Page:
What is net zero?
- It means the aggregate carbon emissions of a country should be zero on a given date.
- It is primarily carbon neutrality.
- A country can achieve negative emissions, if removal and absorption exceed the actual emissions.
- Eg: If a country emits a certain amount of carbon every year, it will have to offset it through forest absorption or carbon capturing or buying carbon credits.
- Bhutan and Suriname are the only two countries in the world whose net emissions are less than carbon absorption capability because of their green cover and very little population.
Significance of moving towards Net Zero Emissions
- Earlier, the discussions focussed on emission-reduction targets by 2050 or 2070 for rich countries, whose unregulated emissions over several decades are responsible for global warming and consequent climate crisis which resulted in countries realising that emission reduction will not work, and countries will have to work towards carbon neutrality.
- The net zero formulation does not assign any emission reduction targets to any country.
- It primarily aims at aggregate zero emission levels.
- Net zero is mandatory to achieve the Paris Climate Agreement target of not allowing the planet’s temperature to rise beyond 2 degrees Celsius by the turn of the century.
- According to the IPCC Report, reaching net zero for greenhouse gas emissions is a requirement to stabilise human-induced global temperature at any level.
- This was for the first time that net zero got scientific backing with IPCC projecting the impact of net zero in different scenarios.
How many countries have committed to net zero?
- As of now, 137 of 192 countries that are part of the UN Climate Convention and representing 80% of global emissions have committed to net zero emissions targets.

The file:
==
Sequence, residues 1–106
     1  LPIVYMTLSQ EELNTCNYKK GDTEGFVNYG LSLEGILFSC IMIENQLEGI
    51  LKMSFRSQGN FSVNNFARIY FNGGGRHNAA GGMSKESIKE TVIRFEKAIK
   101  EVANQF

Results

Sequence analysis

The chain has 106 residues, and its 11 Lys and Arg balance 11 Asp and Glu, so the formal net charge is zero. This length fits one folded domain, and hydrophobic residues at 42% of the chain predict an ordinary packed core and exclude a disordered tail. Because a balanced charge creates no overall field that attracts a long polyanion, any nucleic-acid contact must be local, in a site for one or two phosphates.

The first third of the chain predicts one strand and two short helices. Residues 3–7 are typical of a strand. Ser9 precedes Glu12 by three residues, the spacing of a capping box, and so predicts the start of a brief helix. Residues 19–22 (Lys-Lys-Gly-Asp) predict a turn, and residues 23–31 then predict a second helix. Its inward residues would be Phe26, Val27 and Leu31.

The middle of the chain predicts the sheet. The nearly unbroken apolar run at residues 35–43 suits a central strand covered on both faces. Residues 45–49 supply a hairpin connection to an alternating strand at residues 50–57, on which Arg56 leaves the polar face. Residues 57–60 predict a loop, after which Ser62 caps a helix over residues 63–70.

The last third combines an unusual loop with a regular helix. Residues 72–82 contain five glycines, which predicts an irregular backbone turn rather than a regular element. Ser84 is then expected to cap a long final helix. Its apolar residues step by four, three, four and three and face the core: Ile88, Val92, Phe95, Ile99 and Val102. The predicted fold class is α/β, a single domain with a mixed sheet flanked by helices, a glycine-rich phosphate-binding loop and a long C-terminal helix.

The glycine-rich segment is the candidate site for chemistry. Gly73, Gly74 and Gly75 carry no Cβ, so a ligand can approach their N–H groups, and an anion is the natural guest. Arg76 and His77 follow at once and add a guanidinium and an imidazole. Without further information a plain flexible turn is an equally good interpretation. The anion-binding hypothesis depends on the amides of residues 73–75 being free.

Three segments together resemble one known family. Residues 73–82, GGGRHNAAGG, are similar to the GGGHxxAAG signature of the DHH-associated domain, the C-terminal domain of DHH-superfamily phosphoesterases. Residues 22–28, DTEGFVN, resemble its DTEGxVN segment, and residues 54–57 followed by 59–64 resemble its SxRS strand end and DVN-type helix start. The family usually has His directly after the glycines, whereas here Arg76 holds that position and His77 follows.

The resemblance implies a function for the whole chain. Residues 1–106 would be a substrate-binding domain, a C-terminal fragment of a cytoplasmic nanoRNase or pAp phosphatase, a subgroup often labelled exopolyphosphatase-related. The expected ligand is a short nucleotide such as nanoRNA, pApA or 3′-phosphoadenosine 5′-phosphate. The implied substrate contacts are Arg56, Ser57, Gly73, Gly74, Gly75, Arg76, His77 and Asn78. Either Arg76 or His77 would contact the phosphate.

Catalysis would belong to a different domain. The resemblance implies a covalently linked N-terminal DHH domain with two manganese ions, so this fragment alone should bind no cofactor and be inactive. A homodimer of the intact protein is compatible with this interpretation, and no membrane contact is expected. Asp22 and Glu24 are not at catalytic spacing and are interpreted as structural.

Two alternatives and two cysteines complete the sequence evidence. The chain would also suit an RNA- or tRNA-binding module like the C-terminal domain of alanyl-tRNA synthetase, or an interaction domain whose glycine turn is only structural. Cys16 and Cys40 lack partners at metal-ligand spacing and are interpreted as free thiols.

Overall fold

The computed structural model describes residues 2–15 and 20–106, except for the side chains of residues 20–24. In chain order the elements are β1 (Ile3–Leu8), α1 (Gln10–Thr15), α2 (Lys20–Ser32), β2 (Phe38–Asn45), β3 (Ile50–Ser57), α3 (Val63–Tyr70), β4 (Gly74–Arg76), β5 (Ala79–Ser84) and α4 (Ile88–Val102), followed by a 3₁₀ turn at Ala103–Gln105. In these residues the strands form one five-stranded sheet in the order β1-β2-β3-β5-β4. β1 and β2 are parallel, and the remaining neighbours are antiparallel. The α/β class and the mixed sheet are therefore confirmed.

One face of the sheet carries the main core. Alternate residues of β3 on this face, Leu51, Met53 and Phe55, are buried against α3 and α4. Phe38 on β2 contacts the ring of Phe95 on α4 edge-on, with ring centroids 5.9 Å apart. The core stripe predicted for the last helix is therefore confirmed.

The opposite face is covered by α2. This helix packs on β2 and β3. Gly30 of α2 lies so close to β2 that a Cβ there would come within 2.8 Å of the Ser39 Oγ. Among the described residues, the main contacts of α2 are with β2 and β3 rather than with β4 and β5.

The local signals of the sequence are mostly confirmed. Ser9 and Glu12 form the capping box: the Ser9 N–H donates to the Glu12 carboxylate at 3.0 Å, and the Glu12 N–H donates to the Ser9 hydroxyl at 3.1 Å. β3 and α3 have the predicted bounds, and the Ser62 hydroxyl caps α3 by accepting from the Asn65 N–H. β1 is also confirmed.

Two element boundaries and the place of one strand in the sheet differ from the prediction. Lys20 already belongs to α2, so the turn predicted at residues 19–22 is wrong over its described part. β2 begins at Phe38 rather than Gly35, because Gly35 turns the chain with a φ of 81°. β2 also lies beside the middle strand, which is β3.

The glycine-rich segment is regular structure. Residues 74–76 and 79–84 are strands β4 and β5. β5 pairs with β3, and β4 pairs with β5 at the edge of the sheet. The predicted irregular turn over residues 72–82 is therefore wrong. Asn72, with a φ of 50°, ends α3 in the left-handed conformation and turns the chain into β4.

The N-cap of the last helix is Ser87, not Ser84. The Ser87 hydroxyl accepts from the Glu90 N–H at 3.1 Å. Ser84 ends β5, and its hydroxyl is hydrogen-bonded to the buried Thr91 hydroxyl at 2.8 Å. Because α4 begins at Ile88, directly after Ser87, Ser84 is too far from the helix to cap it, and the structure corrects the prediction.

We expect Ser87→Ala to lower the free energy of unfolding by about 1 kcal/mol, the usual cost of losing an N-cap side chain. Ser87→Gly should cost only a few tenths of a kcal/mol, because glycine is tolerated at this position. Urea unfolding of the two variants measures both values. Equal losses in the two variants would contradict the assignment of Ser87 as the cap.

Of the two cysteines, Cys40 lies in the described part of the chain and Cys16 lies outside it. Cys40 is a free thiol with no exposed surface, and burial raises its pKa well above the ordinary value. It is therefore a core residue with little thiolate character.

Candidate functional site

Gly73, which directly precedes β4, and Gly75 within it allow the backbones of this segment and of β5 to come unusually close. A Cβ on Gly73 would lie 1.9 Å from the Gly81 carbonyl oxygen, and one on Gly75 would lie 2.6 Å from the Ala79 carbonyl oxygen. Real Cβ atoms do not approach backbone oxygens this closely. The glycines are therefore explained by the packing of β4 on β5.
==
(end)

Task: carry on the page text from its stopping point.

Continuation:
- They include the world’s two largest emitters, the USA and China.
- The third biggest emitter, India is yet to announce a net zero target year.
- Eg: China has a net zero target of 2060, Germany and Sweden have opted for 2045; Iceland and Austria 2040; Finland has opted for 2035; and Uruguay has set 2030 as the target year and most countries including the USA have opted for 2050.
Why is India opposing the idea?
- India believes that agreeing to net zero would slow down its economic growth and hamper its poverty alleviation programmes.
- It also believes that net zero negates the concept of common but differentiated responsibility of the UN Climate Convention to deal with the climate crisis because in net zero, every country has an equal responsibility to reduce greenhouse gas emissions and is not equitable.
- Net zero will impact India’s use of coal for electricity and as of now, thermal power contributes 60% of India’s needs.
- India also emphasised on the issue that net zero is not possible without the transfer of clean technology patents to the developing and underdeveloped world to help them faster transition to a cleaner economy.
- Eg: Europe has moved away from fossil fuel to a cleaner and greener economy as a result to meet the net zero target would not be very investment intensive.
- It also claims the Green Climate Fund set up in 2016 with a promise to share green technologies with the developing world has not been able to do much as the rich countries have not provided the promised US$ 100 billion by 2020.
Why in News ?
- The idea of net zero emissions has got a lot of traction among global climate negotiators over the last year and some agreement on it is expected at the UN Climate Change Conference in Glasgow in November.
Green Climate Fund (GCF)
- GCF is a unique global platform to respond to climate change by investing in low-emission and climate-resilient development.
- It was established by 194 governments to limit or reduce greenhouse gas (GHG) emissions in developing countries, and to help vulnerable societies adapt to the unavoidable impacts of climate change.
- Given the urgency and seriousness of this challenge, GCF is mandated to make an ambitious contribution to the united global response to climate change.